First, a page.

investors angry at opes losses

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    Investors angry at Opes losses

    INVESTORS burned by the collapse of stockbroker Opes Prime today expressed their dismay at losing large parcels of shares placed with the firm in return for margin loans.

    Opes Prime was placed in receivership and administration on March 27 after cash and stock movement irregularities were uncovered in a small number of client accounts.

    ANZ Banking Group Ltd and Merrill Lynch, which are the major secured creditors, subsequently moved to sell shares that Opes clients had placed with the stockbroker.

    The major secured creditors are owed more than $1 billion by Opes.

    The accounts of 1,200 unsecured creditors have been frozen.

    One investor, Melonie Mitsios, was furious about losing her investments.

    "Somebody will have to pay, and I don't give a damn who was involved," Ms Mitsios said.

    "We worked bloody hard for our money. They will not get away with it."

    One Opes Prime client, who described himself as "big, angry John", said he had lost $200,000-$300,000, as a result of the stockbroker's collapse.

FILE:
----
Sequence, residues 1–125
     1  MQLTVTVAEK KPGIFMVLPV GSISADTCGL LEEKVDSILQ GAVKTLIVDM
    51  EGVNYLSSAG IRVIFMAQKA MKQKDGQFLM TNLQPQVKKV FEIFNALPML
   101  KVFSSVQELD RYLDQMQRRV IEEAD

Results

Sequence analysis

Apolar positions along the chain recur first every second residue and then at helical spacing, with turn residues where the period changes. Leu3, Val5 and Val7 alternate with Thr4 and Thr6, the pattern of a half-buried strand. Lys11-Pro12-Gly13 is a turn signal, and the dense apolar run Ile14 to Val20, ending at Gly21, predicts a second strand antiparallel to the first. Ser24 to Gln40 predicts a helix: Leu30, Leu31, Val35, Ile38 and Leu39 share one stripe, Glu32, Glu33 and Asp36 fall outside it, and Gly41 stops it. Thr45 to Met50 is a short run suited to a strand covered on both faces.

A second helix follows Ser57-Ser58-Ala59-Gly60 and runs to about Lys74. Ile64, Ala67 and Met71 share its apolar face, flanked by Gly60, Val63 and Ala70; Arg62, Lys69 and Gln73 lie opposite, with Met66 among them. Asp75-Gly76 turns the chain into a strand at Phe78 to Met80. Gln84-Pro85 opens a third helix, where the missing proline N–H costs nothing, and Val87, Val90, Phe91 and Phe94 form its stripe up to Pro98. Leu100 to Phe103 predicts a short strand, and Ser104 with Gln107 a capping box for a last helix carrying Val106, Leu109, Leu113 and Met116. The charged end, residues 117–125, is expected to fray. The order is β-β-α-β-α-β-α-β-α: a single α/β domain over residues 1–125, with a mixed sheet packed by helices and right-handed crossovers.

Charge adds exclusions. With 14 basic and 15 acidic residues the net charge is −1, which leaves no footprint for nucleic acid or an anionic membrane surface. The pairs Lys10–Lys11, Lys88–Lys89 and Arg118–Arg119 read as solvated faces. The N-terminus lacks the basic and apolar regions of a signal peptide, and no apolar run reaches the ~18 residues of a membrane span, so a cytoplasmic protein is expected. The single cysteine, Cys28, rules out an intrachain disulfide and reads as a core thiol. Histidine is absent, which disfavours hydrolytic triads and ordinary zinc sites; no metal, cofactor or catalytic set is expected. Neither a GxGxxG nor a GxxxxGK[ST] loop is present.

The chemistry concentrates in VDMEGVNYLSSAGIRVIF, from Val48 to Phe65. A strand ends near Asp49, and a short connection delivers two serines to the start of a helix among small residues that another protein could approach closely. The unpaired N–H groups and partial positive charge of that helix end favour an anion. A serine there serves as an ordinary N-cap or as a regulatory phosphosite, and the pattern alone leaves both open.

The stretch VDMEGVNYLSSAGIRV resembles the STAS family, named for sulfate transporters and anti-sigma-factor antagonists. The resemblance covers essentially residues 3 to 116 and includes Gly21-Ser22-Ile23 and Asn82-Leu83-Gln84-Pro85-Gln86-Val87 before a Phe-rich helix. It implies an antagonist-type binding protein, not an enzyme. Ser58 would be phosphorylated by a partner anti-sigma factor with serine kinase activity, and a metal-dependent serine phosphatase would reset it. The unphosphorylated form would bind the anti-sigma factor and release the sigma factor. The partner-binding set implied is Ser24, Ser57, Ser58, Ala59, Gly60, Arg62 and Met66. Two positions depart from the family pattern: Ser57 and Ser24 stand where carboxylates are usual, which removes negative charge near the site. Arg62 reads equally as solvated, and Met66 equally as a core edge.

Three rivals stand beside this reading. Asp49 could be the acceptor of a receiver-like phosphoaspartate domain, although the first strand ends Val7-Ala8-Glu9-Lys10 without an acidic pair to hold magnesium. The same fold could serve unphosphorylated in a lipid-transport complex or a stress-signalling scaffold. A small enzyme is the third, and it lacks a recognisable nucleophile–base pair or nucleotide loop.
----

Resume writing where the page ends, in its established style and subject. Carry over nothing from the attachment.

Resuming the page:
"They owe me a lot of money," John told reporters.

    He said the value of the shares which he had placed with Opes as security, far outweighed the size of the margin loan he received from Opes.

    John said he was angry with ANZ, which had been selling shares from Opes.

    "I am angry with the ANZ Bank's involvement, where I was under the belief that my shares were held by the ANZ Bank as the nominee company," he said.

    "This is what I was informed at the time. I didn't read all the fine print."

    Another unsecured creditor, Richard Gall, said he had lost $60,000.

    "I've lost around $60,000 and essentially what I've done is I've lost the collateral to my loan," Mr Gall said.

    "We leveraged our stocks, and essentially we were under the understanding that the difference between the value of the stocks and our margin loan was what our collateral was."

    Mr Gall said he had received emails from Opes directors that had guaranteed that all he would lose in the event of Opes falling into insolvency was the difference in value between his margin loan and the value of his stocks.

    "We've got emails to prove that. We also have verbal guidance," he said.

    - AAP
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